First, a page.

Why athenahealth, Inc. Shares Were Rocked

Although we don't believe in timing the market or panicking over market movements, we do like to keep an eye on big changes -- just in case they're material to our investing thesis.

What: Shares of athenahealth (NASDAQ: ATHN  ) , a provider of cloud-based billing and clinical services to medical practices throughout the U.S., tumbled as much as 14% after noted contrarian and hedge fund manager David Einhorn slammed the company's current valuation.

So what: Following the closing bell on Monday, Einhorn advised his clients that athenahealth represents nothing more than a "bubble stock," and that it's being treated like a cloud-computing play when its software is set up more as a traditional business-to-business bill collection service. Einhorn also questioned athenahealth's ability to compete against privately held competitors that may currently be off investors' radars. The end result was Einhorn coming out and suggesting to investors that they short the stock and that it could ultimately lose up to 80% or more of its value.

Now what: Under normal circumstances, I suggest ignoring analyst banter as it's typically a short-term driver of a stocks' share price. Einhorn, however, is a special case. His track record of being correct on short sales is pretty impressive, and when he talks, investors tend to listen. While his analysis will obviously be biased to the pessimists' side of the equation and ignores the fact that athenahealth is on pace to grow its top line by 24% in 2014 and 2015, it also highlights a concern I've shared for a long time about athenahealth: its valuation. Even following today's drop, it is valued at a whopping 84 times forward earnings, a figure that I consider far too rich for my blood, even with a 24% growth rate. I would suggest heeding Einhorn's warning that the company may be overvalued (though perhaps not as much as Einhorn insinuates) and head for the sidelines.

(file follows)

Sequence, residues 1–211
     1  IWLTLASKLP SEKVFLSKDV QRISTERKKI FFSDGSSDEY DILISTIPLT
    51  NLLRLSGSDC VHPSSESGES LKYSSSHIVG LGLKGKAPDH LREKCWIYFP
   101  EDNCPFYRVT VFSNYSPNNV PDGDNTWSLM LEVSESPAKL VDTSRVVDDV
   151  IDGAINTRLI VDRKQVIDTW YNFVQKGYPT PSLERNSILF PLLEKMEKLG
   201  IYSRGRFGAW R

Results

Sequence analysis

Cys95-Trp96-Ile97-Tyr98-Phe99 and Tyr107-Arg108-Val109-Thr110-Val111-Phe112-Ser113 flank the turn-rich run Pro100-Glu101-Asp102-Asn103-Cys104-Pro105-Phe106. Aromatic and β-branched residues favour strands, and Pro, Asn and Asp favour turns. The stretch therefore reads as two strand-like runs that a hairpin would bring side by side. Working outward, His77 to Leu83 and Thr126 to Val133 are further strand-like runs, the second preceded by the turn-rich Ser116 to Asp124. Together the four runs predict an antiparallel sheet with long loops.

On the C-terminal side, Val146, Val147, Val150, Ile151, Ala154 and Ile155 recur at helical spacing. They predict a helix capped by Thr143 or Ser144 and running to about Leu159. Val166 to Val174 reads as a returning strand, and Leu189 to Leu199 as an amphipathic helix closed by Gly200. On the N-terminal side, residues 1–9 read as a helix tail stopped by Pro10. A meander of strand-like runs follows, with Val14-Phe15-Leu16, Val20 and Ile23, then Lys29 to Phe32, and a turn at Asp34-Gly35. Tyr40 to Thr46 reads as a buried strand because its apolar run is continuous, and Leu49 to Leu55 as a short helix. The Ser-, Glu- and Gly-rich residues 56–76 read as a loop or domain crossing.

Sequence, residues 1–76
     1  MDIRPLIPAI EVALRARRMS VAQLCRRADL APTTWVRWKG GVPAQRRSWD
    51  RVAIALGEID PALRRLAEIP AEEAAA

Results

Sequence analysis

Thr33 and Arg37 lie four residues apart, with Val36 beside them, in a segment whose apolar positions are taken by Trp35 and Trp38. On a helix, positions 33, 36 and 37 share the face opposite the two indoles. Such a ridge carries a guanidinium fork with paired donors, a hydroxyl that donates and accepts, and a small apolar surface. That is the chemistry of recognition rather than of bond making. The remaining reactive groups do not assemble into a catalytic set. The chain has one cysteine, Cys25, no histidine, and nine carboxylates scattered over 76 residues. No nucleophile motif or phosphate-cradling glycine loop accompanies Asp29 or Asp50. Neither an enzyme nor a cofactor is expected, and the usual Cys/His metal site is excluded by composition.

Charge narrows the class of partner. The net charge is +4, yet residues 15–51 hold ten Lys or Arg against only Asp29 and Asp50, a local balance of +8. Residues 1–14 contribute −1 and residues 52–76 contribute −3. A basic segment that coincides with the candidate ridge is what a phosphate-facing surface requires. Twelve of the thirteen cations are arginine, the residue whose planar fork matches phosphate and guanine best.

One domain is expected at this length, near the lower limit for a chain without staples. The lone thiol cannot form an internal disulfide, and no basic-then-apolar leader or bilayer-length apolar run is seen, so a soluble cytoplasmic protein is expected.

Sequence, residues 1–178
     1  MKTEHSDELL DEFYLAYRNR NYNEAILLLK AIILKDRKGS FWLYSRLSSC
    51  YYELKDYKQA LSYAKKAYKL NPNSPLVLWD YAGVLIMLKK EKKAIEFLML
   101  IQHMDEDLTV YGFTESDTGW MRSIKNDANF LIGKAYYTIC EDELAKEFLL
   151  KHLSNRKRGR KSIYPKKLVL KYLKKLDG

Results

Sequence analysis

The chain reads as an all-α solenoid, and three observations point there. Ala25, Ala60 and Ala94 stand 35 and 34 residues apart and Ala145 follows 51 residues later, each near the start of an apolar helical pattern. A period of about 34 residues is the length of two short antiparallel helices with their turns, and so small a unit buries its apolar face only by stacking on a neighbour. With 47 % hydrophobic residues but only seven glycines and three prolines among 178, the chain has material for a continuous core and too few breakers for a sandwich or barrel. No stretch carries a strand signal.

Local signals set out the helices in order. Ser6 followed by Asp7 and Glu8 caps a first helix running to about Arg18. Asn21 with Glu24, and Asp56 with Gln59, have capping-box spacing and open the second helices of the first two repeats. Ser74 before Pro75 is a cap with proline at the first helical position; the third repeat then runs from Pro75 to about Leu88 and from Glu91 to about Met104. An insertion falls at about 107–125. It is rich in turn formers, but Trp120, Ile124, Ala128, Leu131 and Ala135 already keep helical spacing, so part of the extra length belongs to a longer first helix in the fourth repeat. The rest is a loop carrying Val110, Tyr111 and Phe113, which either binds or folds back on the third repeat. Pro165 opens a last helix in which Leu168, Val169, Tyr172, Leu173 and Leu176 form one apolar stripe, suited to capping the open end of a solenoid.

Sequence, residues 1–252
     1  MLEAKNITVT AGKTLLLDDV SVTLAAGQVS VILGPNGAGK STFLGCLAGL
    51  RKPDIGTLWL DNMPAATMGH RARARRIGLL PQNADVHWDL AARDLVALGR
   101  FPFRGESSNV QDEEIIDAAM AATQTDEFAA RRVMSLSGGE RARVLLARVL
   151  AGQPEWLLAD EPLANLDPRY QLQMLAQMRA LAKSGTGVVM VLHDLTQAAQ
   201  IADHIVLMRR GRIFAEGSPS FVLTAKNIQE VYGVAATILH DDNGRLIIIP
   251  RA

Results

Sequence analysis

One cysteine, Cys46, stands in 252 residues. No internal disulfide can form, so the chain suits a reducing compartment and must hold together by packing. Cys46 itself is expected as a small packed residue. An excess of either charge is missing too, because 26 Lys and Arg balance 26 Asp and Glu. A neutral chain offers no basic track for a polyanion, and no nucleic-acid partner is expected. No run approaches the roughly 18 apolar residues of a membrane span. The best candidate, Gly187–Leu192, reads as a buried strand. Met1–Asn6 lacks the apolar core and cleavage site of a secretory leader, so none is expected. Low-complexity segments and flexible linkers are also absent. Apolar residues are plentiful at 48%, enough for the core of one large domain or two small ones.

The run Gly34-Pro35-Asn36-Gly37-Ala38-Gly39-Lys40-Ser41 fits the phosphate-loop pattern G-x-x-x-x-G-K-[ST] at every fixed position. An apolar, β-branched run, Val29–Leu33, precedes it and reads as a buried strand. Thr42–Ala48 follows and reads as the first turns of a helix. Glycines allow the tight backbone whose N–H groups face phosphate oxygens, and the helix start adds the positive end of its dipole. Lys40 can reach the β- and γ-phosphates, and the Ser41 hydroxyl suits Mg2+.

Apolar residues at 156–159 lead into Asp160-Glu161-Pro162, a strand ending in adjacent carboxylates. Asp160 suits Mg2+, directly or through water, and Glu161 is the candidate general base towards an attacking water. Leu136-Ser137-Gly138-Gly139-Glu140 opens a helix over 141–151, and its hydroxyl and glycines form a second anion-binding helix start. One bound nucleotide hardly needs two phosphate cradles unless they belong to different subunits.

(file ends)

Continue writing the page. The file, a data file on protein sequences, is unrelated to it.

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  • Report this Comment On May 06, 2014, at 6:45 PM, pastabelly wrote:

    What happened to the "starter stocks" that are the stalwarts of any portfolio? Now you recommend heading for the sidelines at the first hint of trouble? Perhaps we should all join Einhorn's service since it appears that is where MF is getting their investment advice. It was a buy at $200 and a bail at $109?

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